Jethro Tull – Ring Out Solstice Bells
Lock up your impressionable kids. The Tull hadn't had a hit for five years and apart from an unlikely top 40 placing for a reissue of Living In The Past in 1993 wouldn't again, which means there was a whole swathe of kids unused to Ian Anderson's ways. And oh, those ways are out in force tonight - not just the manaical flute playing on on leg, or the staring down the camera lens like a man possessed by many daemons even when it's not pointing straight at him, but the full neckerchief inclusive country squire outfit, the kicking out in time with power chords, some threatening pointing, the twice mid-held note readjustment of the hat to a rakish angle before pulling the flute over his shoulder as if off to battle with it as his weapon, which in the circumstances may be the case. And then the first verse finishes. The director, perhaps the only man thinking this could do with some visual aid, chooses to montage some kaleidoscopic circular lights around him, but those are seen off as Anderson removes his hat for final push emphasis. Most people, with a hat in one hand and a flute in the other, might limit their gesticulations. Not Ian. At the end, as some actual tubular bells are played by a man in a similar hat and expression, the keyboard player emerges in his crimson jacket to take up the handclapping slack in nothing that resembles strict time and Anderson remembers he was supposed to be miming that flute part, he's not even half spent.

Mike Oldfield – Portsmouth
Well, there's only one way Legs & Co can approach Oldfield's sailor's hornpipe and that's full doublet and hose. Except with microskirts, obviously. And big hats with a feather in the top. And knee length boots that look like they're made out of cricket pads and carpet underlay. And then getting the whole audience to wave blue ribbons for some reason. Hang on, they're not supposed to represent the sea's waves, are they? Given there's a model palm tree at one end of the rectangular stage they must be. So why are the Middle Ages Legs doing their routine on a mock desert island? While Portsmouth is technically an island, there's nothing in Oldfield's score that suggests underlying Robinson Crusoe tendencies. There's some leapfrogging and Pauline jumping on someone's (commenters!) back who then hightails it back off to the wings before come collective can-can strides, another Patti solo before the routine takes on hat-twirling and jumping properties. And then... cue parrot! Not that it does anything other than sit there looking away from the action slightly bemusedly, but that's really pushing your concept routine to its cliche potential. The climax comes with all six throwing something small, plentiful, shiny and round into the willing if tired of arm by now audience. Possibly sweets, probably not money maybe secret memory wiping drugs. Who can say. Diddy makes sure to credit the parrot. Chalky, apparently. Bought off Jim Davidson, perhaps.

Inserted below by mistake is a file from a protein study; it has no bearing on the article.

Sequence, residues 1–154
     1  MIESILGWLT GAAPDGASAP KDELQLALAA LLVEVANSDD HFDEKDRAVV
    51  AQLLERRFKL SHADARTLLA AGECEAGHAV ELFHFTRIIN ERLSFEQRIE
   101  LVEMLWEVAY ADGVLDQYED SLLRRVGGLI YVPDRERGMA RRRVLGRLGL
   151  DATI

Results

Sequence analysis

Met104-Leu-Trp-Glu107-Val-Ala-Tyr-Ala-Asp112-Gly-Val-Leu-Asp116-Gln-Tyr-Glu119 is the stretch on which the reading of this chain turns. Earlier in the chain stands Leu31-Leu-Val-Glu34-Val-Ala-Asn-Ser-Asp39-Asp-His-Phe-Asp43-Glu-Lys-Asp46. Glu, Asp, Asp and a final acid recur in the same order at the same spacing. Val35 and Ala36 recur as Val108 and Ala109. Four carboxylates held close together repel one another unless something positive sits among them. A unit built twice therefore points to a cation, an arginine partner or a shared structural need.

Tommy Hunt – One Fine Morning
As Legs & Co tidy up and remove hats in the background Diddy makes sure to mention Hunt's previous hit, which we didn't see. "He's right over there so let's meet him" he then suggests. We can't, Diddy, he's on television. We're at home. Against a backdrop of red light shells with some sort of dark gauze over the middle, lighting tips straight out of a bordello, Hunt's attire also seems to be inspired by the Middle Ages, this time a long brown smock with a single large attachment in the middle which seems to have been sewn on seperately to both sides, part-Robin Hood follower, part-medieval knight school play. Hunt, bubble permed and ready for action, keeps threatening to break into full body popping when he gets a couple of seconds, but when he gets a proper musical break that allows him to start really moving his extremities atop the wedding cake stage he looks less like the James Brown he is in his mind and more attempting to stamp out a small fire. If only his mike technique was as advanced, as he keeps pulling the mike away from himself mid-line.

Dana – Fairytale